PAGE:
When I had knee surgery back in college, I was completely calm and collected about the surgery.  I knew what needed to be done and went into the operating room with complete confidence, repeatedly reminding the doctor that it was the right knee to be operated on (so okay, I was a little paranoid that they would accidently operate on the wrong knee).  Then after the surgery, when talk turned to removing the stitches, I got exceedingly nervous.  I was far more worried about the stitches coming out than I ever was about them going in!  I knew that for the surgery there would be anesthesia and drugs and that I wouldn’t have to actually feel anything for several days.  But when the stitches came out, it meant I would have to confront the injury in my body and the hidden pain.  Without the stitches holding everything in place, it was all on me to heal, on my own (and with the help of some skilled physical therapists).  And yes, if you are wondering, it took immense self-will to not pick at the 3 inch scar on my knee.  Instead I lovingly applied vitamin E oil to it every day, hoping to leave as little of a scar behind as possible.

But now, twenty years later, the physical appearance of the scar on my knee doesn’t bother me at all.  It actually serves as a reminder that when left to heal properly and with good help, the body can be repaired.  And it reminds me of all the hard work I put into healing my physical body, those many long grueling months of physical therapy, re-learning how to walk, ride a bike and run again.

Sometimes the stitching is the easy part.  But there will always be scars and sometimes the scar tissue in my knee causes a lot of pain.  And my knee can’t support my wish to run 20 miles a week.  The wound always has to be tended to and respected, and sometimes you have to work around it.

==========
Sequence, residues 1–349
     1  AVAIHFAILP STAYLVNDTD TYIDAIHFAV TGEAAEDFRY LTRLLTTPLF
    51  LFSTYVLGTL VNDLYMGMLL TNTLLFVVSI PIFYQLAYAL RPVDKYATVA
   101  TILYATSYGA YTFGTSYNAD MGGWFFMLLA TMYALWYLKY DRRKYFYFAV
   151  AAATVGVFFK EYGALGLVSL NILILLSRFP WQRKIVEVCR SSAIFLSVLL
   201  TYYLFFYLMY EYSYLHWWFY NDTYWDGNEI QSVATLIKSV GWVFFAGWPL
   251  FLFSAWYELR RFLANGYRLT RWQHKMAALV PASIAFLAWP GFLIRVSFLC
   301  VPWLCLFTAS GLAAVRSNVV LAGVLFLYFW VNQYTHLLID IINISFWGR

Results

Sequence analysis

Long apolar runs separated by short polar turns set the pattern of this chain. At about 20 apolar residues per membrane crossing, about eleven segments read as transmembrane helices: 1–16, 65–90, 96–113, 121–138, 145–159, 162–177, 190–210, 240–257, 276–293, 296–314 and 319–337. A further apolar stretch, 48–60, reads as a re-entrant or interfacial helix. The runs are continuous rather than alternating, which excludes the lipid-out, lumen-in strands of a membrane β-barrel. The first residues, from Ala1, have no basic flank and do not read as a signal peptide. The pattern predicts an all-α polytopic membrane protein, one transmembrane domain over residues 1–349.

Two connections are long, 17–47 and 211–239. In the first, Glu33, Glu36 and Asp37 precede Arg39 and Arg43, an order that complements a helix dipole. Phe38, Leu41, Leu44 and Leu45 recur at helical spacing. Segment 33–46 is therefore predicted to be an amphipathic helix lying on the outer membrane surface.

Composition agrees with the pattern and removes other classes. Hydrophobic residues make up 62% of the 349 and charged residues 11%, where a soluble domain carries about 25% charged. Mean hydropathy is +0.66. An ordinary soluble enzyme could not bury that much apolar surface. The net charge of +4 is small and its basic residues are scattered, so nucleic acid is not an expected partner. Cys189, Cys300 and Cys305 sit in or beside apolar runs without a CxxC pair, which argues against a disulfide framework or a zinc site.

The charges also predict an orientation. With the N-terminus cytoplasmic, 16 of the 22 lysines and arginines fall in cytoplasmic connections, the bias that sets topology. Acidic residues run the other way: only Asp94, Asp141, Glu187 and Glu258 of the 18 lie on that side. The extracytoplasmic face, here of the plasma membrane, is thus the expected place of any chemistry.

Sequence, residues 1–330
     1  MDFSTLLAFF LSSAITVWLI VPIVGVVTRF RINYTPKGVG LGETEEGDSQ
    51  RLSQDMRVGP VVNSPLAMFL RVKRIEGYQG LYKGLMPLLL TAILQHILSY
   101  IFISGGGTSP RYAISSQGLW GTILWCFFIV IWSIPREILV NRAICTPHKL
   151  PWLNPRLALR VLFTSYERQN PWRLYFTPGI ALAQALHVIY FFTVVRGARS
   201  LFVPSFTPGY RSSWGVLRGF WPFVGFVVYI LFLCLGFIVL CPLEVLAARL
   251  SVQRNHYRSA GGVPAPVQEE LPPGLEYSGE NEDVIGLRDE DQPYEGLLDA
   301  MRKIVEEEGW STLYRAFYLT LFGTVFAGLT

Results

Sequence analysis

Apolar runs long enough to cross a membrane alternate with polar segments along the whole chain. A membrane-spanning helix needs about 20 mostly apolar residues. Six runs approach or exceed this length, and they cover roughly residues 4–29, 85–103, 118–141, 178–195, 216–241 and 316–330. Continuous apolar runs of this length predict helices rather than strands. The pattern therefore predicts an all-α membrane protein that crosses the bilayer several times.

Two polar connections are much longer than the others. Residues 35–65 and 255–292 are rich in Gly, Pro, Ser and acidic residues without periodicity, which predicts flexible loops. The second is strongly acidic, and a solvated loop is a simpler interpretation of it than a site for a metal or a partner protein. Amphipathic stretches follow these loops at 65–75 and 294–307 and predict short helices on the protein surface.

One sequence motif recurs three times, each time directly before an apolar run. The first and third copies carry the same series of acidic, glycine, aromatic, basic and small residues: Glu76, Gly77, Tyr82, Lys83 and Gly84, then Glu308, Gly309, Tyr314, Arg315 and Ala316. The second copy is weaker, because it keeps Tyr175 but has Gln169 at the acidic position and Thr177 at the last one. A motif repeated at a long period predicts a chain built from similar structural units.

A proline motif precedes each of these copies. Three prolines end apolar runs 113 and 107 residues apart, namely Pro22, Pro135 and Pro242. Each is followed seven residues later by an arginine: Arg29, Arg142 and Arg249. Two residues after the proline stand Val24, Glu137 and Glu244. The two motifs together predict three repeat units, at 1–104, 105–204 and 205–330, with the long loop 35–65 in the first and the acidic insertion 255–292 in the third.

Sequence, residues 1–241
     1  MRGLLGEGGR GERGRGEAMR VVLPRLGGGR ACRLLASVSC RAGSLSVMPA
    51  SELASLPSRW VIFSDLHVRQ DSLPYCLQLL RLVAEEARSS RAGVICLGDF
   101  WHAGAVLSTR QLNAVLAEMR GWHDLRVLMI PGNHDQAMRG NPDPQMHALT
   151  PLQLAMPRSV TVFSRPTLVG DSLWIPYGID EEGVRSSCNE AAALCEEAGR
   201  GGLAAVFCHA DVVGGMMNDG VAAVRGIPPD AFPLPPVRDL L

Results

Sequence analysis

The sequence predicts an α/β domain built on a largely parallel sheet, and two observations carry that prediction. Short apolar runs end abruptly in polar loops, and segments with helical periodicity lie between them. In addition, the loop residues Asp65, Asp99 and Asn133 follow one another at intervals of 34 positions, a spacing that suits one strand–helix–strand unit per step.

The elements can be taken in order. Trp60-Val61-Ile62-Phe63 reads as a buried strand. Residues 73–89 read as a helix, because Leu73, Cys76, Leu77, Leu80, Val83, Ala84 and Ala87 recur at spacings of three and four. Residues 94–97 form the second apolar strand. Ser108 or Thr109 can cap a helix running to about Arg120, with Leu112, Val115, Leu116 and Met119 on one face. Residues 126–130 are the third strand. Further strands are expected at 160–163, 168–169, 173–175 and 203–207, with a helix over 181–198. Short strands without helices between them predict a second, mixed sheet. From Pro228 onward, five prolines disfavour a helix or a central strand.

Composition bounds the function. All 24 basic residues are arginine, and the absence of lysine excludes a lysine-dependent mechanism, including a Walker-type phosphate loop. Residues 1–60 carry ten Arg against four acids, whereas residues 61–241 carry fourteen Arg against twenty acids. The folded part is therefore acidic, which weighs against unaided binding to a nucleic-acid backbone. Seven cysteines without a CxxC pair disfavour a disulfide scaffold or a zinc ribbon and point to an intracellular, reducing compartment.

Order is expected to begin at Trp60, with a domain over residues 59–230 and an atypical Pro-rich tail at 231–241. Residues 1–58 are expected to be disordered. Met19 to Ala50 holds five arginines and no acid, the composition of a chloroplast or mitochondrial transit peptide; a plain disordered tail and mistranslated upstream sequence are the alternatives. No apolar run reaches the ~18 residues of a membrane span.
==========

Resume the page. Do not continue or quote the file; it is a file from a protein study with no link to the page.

Maybe the real issue is that the heart is not so easily stitched.

A few months ago I accidentally sliced off the top of my thumb with a cheese slicer.  After several hours of not being able to control the bleeding, I went to the ER.  My options were limited: there was nothing left to stitch, the source of the bleeding was unspecified so the wound could not be cauterized.  I could have had a clotting agent applied, but that would require a follow up visit to a hand surgeon.  Or I could let it bleed, but was assured it would stop in 2-3 days.  And so we wrapped my thumb tightly in non-stick gauze, and sure enough, the bleeding eventually stopped.  And my thumb healed and looks normally shaped again.  And I’ve learned my lesson: do not use a cheese slicer on pepper jack cheese!

The wound on my thumb seems an apt parallel to the wounds in my heart.  Stitching and cauterizing won’t help.  Specialists could be called, but really, the best course is to just let it bleed.  The bleeding will stop eventually.  The wound will heal.  It might even look semi-normal again.  Closure will come in time, maybe because of time.  It can’t be rushed or forced.  Any attempts at intervention won’t hold or will require more care than I have the energy to undertake.

I know I need to stop picking at the wounds too, stop intentionally doing things that only serve to hurt and upset me further.  I need that emotional version of a gauze pack or a dog cone (I don’t think a simple Band-Aid will cut it!).

Non-mutual endings of relationships will always leave a hole, a brutal severance that may heal in time, in its own way, but will leave a scar nonetheless.  But you do have to close the wound first, one way or another, before any of that healing can happen.